The reward-processing functions of dopamine have been discussed in terms of motivation by reward, enjoyment of reward, and learning from reward—or “wanting,” “liking” and “learning” (Berridge et al., 2009). Initially it was theorized that dopamine mediated reward “liking”—the hedonic impact of rewarding stimuli (Wise, 1982), and that these pleasure responses sustained reward-directed behavior. This theory enjoyed widespread influence for some time, and explains why dopamine was popularly dubbed “the pleasure chemical,” but has now been abandoned (Wise, 2004). One critique came from the addiction literature, which showed that dopamine-mediated escalation of drug dependence is accompanied by decreased pleasurable responses to those drugs (Robinson and Berridge, 2003). This favors the theory that dopamine mediates motivational “wanting” of reward by conferring stimuli with “incentive salience”—the process through which stimuli become motivationally attractive (Robinson and Berridge, 2003; Berridge et al., 2009). Dopamine is also thought to be responsible for reward learning, with phasic dopamine activity providing the “teacher” signal hypothesized in reinforcement learning models (Schultz et al., 1997; Schultz, 2007). Although reward wanting theories appear compatible with reward learning theories, they have not yet been integrated into a cohesive theoretical framework (see Alcaro et al., 2007).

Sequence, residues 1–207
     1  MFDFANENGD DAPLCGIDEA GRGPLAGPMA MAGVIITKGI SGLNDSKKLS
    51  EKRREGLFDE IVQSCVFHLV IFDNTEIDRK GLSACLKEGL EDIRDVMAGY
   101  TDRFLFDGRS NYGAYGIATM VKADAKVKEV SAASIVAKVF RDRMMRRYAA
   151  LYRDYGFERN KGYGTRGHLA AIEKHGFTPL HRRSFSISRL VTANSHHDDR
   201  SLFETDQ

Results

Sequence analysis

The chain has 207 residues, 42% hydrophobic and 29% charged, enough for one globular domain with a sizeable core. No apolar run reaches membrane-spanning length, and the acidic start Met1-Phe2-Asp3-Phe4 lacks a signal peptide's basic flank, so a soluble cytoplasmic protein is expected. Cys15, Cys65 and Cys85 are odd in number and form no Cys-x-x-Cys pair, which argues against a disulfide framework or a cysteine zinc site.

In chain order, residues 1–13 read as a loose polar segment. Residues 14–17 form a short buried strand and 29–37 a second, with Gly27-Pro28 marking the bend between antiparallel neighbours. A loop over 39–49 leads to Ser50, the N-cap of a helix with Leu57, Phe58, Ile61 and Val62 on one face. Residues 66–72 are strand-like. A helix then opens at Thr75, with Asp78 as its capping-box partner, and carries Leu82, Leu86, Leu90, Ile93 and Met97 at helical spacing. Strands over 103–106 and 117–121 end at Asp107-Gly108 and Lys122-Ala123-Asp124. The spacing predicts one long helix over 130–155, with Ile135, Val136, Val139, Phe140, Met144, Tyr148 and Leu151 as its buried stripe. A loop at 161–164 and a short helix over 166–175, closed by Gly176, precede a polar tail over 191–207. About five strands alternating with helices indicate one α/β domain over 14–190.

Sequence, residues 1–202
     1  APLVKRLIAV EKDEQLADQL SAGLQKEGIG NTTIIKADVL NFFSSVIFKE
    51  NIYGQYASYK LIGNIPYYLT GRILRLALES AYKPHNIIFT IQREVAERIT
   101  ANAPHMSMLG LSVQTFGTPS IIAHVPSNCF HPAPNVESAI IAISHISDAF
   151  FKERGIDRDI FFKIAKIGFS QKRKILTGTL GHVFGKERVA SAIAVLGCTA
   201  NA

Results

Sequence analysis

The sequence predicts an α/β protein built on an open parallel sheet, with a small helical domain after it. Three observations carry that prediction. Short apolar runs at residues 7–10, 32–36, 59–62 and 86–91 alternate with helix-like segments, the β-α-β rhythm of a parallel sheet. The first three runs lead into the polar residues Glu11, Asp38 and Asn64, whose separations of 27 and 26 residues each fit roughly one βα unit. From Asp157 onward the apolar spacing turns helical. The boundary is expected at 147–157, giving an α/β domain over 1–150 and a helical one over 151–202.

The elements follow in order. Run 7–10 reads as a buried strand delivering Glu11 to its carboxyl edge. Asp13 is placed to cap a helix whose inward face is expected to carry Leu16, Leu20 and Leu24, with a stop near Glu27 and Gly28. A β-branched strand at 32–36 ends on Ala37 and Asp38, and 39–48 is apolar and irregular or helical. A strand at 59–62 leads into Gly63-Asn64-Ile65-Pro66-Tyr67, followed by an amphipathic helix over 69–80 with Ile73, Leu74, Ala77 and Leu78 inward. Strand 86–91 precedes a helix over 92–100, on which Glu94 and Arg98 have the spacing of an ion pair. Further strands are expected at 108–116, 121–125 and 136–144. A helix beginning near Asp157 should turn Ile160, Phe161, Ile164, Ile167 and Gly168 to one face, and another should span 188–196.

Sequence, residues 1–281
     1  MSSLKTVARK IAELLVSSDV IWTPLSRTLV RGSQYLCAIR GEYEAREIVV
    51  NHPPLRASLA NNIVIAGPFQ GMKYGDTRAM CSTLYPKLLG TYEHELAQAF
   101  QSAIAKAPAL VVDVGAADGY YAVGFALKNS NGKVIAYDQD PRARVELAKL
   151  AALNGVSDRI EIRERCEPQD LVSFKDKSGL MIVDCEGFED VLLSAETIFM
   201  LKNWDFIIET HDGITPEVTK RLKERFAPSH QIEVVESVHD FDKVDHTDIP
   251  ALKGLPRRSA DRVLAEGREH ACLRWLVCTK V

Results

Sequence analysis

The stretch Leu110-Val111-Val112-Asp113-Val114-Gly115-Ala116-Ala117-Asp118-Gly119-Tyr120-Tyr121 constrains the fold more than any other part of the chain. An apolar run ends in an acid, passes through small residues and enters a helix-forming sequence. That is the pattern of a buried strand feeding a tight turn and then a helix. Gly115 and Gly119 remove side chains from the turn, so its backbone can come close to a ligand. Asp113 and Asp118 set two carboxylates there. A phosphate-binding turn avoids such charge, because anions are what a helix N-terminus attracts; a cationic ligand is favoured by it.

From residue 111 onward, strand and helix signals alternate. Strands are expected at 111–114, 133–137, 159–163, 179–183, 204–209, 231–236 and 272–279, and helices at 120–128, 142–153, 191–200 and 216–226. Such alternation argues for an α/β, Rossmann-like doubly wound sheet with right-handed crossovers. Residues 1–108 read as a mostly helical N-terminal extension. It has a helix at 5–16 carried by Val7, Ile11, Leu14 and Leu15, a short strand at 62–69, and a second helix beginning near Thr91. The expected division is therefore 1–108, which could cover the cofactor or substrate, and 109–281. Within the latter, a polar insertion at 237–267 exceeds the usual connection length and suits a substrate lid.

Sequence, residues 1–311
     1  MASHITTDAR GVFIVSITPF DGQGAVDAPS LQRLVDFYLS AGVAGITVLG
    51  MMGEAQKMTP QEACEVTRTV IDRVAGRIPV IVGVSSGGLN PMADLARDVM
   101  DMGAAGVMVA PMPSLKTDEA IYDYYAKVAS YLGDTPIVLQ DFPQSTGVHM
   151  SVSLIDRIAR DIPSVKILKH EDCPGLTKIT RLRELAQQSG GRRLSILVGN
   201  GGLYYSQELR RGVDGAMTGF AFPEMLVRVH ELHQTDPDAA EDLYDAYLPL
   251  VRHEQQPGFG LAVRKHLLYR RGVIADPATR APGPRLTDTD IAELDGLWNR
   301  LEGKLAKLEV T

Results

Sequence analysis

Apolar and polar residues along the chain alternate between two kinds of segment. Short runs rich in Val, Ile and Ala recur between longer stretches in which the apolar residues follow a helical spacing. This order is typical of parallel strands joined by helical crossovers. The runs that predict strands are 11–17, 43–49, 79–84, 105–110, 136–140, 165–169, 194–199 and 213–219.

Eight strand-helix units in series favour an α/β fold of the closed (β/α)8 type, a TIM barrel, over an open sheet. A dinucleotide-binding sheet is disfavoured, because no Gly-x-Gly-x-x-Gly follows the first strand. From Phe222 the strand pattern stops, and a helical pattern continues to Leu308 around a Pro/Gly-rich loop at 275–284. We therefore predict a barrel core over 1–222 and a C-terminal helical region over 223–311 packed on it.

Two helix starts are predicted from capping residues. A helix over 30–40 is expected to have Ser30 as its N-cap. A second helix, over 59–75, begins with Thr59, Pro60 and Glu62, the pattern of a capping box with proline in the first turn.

Dopamine also has a major role in cognitive function and dysfunction. The mesocortical dopamine pathway (projecting from the ventral tegmental area to the dorsolateral prefrontal cortex and the anterior cingulate cortex) is implicated in higher cognitive functions such as working memory and decision-making (Robbins et al., 1996; Arnsten, 1998; Floresco and Magyar, 2006). Although these appear strikingly different to the motivational functions of the mesolimbic dopamine system, mental representations and operations seem likely to facilitate motivated action. That is, the mesocorticolimbic dopamine pathways may jointly coordinate the “anticipation of reward and activation of representations in the PFC needed to achieve it” (Miller and Cohen, 2001, p. 182). The higher cognitive functions of dopamine have implications for creative behavior, which is typically operationalized using tests of cognitive flexibility and divergent thinking. Ashby et al. (1999) suggest that this may explain the apparent impact of induced positive affect on creativity; positive affect is often preceded by reward delivery, which will often stimulate dopamine release. Finally, an enduring theory has posited a central role for dopamine in the cognitive disturbances seen in schizophrenia (e.g., Gray et al., 1991). A later iteration of this theory has related mesocortical dopamine to cognitive deficits (e.g., executive dysfunction) and negative symptoms (e.g., anhedonia), and mesolimbicdopamine to positive symptoms (e.g., hallucinations and delusions) (Lindenmayer et al., 2013).
This brief overview is only intended to orient the reader, illustrate the breadth of processes to which dopamine has been linked, and thereby foreshadow the diversity of topics addressed in this special issue. For more in-depth perspectives on dopamine function the interested reader is encouraged to consult the references cited here.